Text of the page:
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Why I’d shun this 6%-yielder an buy this FTSE 100 dividend instead

I don’t believe you should invest on gut instinct alone. But if my bad feeling about a company is backed up by the numbers, then I always avoid a stock.

One company that’s giving me bad vibes at the moment is cinema chain Cineworld Group (LSE: CINE). This FTSE 250 company floated in 2007 as a UK-focused business and was an outstanding success.

However, in December 2017, management struck a deal to acquire US group Regal Entertainment for a total price of $5.8bn. At the time, Cineworld had a market cap of about £1.3bn. To fund this monster acquisition, the company raised £1.7bn by selling new shares in a rights issue and $4bn in new debt.

A high-risk bet?

From a business point of view, this deal may have been a good idea. I don’t have enough industry knowledge to be sure. But what I do believe is that this debt-fuelled deal has introduced a lot of extra financial risk for Cineworld shareholders.

At the end of 2018, the company reported adjusted net debt of $3,935.2m. That’s 3.7x adjusted earnings before interest, tax, depreciation and amortisation (EBITDA). Given Cineworld’s fairly average profit margins, I’d prefer to see this figure below 2.5x.

Operationally, things seem to be going well. So if debt repayment was management’s main focus, I’d probably give it the benefit of the doubt.

Overconfident?

Unfortunately, Cineworld’s management seem to want to have its cake and eat it.

The dividend was lifted by 17% last year and in June the firm announced an additional special dividend of $278m ($0.20 per share).

This cash represents half the $556m the firm has raised through sale-and-leaseback deals on 35 cinemas this year. The idea of the sale-and-leaseback deals was to reduce debt. But leases are a form of long-term liability, rather like debt.

Given how high Cineworld’s debt levels are, I think it’s reckless for management to use cash from property sales for shareholder returns.

CINE stock may seem cheap, on 9.8x forecast earnings and with a 6.1% dividend yield. But if growth slows, I think shareholders could be in for an uncomfortable ride. I won’t be going anywhere near this stock until the picture improves.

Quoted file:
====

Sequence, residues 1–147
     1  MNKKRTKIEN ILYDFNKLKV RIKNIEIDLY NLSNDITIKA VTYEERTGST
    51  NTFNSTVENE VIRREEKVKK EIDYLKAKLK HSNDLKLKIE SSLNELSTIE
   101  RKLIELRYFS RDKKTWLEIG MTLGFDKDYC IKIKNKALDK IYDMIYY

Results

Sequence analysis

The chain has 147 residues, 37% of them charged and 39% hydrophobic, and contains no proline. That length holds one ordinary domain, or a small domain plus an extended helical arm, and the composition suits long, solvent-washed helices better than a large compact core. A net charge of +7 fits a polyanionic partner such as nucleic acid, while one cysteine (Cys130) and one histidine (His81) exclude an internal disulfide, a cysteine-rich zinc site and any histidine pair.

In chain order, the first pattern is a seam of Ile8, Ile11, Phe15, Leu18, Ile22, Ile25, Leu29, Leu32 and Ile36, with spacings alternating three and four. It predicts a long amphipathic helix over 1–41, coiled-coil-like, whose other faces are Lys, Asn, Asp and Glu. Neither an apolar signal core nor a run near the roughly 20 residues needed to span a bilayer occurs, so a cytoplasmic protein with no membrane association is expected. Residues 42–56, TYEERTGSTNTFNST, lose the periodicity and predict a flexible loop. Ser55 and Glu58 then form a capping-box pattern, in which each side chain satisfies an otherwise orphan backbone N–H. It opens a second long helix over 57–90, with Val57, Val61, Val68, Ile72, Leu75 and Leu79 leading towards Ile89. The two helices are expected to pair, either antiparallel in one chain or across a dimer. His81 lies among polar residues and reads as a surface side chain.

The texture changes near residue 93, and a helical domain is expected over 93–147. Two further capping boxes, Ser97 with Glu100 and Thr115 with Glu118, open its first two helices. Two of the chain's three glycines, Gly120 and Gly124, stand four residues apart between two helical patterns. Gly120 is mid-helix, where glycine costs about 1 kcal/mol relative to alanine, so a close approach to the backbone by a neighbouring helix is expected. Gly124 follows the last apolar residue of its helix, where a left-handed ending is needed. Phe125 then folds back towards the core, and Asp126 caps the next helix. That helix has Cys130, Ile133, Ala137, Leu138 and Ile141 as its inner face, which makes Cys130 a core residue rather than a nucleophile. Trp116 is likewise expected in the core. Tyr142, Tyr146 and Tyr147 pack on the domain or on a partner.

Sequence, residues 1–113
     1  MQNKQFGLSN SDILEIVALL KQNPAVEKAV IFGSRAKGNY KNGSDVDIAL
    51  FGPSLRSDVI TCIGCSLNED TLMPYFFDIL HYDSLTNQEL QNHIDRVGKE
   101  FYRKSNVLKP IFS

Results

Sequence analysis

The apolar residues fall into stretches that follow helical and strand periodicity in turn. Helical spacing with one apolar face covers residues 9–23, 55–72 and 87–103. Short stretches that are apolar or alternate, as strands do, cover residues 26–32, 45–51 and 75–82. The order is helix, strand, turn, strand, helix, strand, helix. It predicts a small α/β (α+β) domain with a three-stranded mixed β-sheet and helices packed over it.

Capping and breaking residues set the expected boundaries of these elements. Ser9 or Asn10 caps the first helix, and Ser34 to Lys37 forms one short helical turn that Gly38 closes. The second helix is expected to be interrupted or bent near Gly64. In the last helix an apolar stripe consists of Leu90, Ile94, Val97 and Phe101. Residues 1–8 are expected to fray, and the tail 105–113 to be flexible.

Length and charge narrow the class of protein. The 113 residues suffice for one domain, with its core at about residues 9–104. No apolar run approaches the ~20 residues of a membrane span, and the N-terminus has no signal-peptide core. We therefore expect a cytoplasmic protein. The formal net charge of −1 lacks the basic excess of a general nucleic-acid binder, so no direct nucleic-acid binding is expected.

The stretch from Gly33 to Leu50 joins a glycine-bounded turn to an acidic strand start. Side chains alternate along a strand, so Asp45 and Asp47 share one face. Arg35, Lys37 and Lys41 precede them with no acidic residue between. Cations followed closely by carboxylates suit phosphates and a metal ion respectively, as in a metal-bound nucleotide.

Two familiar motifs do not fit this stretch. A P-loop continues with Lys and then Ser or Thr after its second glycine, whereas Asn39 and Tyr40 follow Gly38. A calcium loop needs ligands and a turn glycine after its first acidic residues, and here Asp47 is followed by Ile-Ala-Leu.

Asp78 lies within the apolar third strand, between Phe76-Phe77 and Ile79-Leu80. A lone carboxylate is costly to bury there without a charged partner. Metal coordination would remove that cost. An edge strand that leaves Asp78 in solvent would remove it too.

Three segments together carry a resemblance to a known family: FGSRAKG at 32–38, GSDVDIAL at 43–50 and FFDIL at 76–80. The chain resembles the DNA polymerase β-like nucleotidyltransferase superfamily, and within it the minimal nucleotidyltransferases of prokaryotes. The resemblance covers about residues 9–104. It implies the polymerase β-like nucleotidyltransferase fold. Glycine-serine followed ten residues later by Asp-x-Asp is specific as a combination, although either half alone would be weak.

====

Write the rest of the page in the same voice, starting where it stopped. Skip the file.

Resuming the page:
I’ve bought this pharma firm

I’m not completely against investing in companies with a lot of debt. One such firm I bought myself earlier this year was FTSE 100 pharma giant GlaxoSmithKline (LSE: GSK).

The shares have risen a little since I bought my shares, but I think the investment case remains strong. There are two reasons why I’m happy to own this stock.

The first is that I expect demand for modern medicines to continue to grow, as new treatments become available and emerging markets become wealthier.

The second reason is that I think Glaxo’s plan to split itself into a consumer health business and a pharmaceutical firm is likely to create value for shareholders. History suggests that two smaller, more focused businesses are likely to perform better than one larger conglomerate.

None of this is certain, but that’s how I expect things to turn out.

The market seems to agree. The rising GSK share price has now pushed the stock’s yield below 5%. I see this as a vote of confidence in chief executive Emma Walmsley’s plans. I continue to view Glaxo as a long-term buy, with long-term income potential.

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Roland Head owns shares of GlaxoSmithKline. The Motley Fool UK owns shares of and has recommended GlaxoSmithKline. Views expressed on the companies mentioned in this article are those of the writer and therefore may differ from the official recommendations we make in our subscription services such as Share Advisor, Hidden Winners and Pro. Here at The Motley Fool we believe that considering a diverse range of insights makes us better investors.